[rmatz@localhost ~] whoami
Have you ever tried playing Dark Souls? I have. The aptly-named video game is soul-crushing; it gives you a simple set of actions and a plethora of reasons to throw your controller against a wall. That’s cool, but have you ever tried creating a big software from scratch? Or perhaps writing an essay? Maybe you have, but what about living in a complex world, with limitless possibilities and limitations, written in a language we still don’t fully understand using an interface unique to each user? I’ve tried those, and in each of these games I’ve grown frustrated with with the iconic [YOU DIED], `internal compiler error`, *a sentence that just doesn’t fit*, or having “one of those days”. The beauty behind these frustrations is that only through them do find your playing style. And this search is my favorite game of all.
I’ve noticed that the activities that most entice me are broad, with few clear-cut rules and cost me a piece of my sanity. I didn’t know that when I started teaching myself how to code, and being perfectly honest, it took me a couple of tries (with a couple of years in between them) to finally get through “if-else” statements in a documentation. Interestingly enough, what got me through that barrier was having something to fail at. When I started learning how to code for real, I had about four months to build a data processing pipeline for a social media (long story). Perhaps the worse part of this whole situation was finding out the language I chose to learn (R) was pretty trash as a back-end. I have similar stories for anything I find myself to be decent at.
This whole workflow hasn’t changed too much, though what’s changed is how common I found this to happen with other subjects. I came to Canada set on specializing in computer science, though that changed soon after I took an infamous introduction to economics course. Lately I’ve been noticing this quality in a lot of other subjects. Writing is one of them. I’ve recently had the chance to fully document a software project, and found that a couple of inline comments just won’t cut it when you’re hoping that actual humans will use your tools. The challenging part was trying to communicate with humans using *thunder* well-structured sentences. I though that was tough, yet for some reason here I am, rewriting this sentence for the third time.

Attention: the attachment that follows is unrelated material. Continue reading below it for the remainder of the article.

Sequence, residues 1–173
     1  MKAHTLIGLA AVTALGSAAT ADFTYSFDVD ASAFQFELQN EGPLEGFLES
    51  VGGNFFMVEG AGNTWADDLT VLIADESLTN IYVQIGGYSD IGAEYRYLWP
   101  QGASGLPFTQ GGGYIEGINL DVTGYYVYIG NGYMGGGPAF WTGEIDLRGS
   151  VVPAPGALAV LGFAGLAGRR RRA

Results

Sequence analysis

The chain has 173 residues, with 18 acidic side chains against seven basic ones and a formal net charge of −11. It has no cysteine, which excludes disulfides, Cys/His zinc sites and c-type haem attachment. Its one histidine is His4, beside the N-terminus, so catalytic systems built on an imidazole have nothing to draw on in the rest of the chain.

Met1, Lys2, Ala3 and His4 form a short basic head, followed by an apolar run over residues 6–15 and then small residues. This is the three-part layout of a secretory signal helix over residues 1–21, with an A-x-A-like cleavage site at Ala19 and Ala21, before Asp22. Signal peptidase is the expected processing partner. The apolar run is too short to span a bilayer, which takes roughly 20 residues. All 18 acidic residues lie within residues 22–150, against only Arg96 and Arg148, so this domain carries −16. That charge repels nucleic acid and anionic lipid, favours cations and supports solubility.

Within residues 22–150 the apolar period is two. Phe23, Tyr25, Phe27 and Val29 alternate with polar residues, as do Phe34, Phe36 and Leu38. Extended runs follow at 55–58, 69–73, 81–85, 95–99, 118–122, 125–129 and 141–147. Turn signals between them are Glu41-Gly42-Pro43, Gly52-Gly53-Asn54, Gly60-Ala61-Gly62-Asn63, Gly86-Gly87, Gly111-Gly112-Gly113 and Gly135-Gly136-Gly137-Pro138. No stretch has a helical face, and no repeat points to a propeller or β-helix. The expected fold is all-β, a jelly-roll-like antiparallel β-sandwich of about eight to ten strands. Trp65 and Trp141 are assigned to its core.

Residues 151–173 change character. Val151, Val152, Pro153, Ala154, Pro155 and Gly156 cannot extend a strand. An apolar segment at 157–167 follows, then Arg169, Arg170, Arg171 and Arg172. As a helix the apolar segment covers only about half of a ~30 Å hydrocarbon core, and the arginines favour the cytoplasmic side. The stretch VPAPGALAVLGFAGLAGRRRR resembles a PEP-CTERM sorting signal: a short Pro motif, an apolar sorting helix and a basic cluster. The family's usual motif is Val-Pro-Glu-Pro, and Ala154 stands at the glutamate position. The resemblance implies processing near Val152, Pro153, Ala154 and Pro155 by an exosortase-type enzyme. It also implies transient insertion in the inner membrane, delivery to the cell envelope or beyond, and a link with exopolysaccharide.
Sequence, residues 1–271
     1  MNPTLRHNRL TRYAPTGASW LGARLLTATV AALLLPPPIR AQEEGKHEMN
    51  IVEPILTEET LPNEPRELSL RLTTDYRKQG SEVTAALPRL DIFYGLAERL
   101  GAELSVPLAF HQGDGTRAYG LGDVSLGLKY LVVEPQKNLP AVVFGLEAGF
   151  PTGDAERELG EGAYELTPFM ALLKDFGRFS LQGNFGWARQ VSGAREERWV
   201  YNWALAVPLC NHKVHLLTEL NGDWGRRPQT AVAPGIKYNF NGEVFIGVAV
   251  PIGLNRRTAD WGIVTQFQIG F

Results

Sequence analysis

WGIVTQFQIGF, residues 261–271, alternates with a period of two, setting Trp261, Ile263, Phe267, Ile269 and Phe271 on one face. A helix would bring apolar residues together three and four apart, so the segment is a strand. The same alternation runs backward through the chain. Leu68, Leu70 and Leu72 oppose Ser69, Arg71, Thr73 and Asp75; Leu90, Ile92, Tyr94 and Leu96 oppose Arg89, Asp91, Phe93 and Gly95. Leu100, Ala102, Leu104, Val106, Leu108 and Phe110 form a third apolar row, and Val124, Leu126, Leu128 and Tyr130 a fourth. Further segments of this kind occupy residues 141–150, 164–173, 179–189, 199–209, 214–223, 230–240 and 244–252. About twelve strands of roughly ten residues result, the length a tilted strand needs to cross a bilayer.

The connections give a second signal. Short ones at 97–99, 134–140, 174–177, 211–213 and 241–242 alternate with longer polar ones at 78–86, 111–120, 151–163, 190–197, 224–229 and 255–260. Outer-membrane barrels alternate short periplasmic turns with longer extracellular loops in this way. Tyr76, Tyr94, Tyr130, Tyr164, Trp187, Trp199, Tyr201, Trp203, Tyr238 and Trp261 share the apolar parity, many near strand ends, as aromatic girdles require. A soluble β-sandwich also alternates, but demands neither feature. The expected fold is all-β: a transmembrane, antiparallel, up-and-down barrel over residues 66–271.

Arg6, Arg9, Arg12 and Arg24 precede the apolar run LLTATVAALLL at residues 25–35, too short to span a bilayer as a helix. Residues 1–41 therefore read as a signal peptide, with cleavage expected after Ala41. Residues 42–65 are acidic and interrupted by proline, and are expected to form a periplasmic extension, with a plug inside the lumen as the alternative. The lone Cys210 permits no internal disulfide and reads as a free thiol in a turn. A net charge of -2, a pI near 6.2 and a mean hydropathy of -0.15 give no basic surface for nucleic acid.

While my interests have grown fairly expansive, my human brain remains very limited. I don’t have the time or storage capacity to learn every single subject out there, but I do have the ability to appreciate them. What I aim to learn by learning is not how to beat a game, but play just enough of it to feel how it’s unique. I’ve also noticed that when we start looking under the bleachers, we find that seemingly separate subjects are built on the same core. This might sound obvious when saying out loud but it sure doesn’t feel like it. Take writing an essay or a software, for example. Crafting clear and concise statements in a manner that efficiently achieves the writer’s goal, with speed and beauty in mind, is a task that fits oddly well with either. Appreciating these similarities offers me a much greater set of sources to draw inspiration from, and ultimately helps me to maximize the profits of my cerebral investments. My goal goes beyond just contemplating the color pallet of human knowledge, it goes into mixing and matching colors as well.
My interests thus become broader as my goal becomes narrower. The more I understand about my playing style, the better I can make it by borrowing from the other ones. Life is not only far too short to go through them all, but also too short to fully get to know everything there is to know about any one of them. Frustration becomes infinite, and that’s just beautiful. Of all the knowledge I can acquire, I hope, most of all, to get inspired, then get fed up with it and then (hopefully) inspired again. Now is the part where I admit my lie. I’ve only played Dark Souls a couple of times, and I don’t plan on playing it soon either. My favorite games have unlimited bosses, and no end to the joy of feeling [VICTORY ACHIEVED].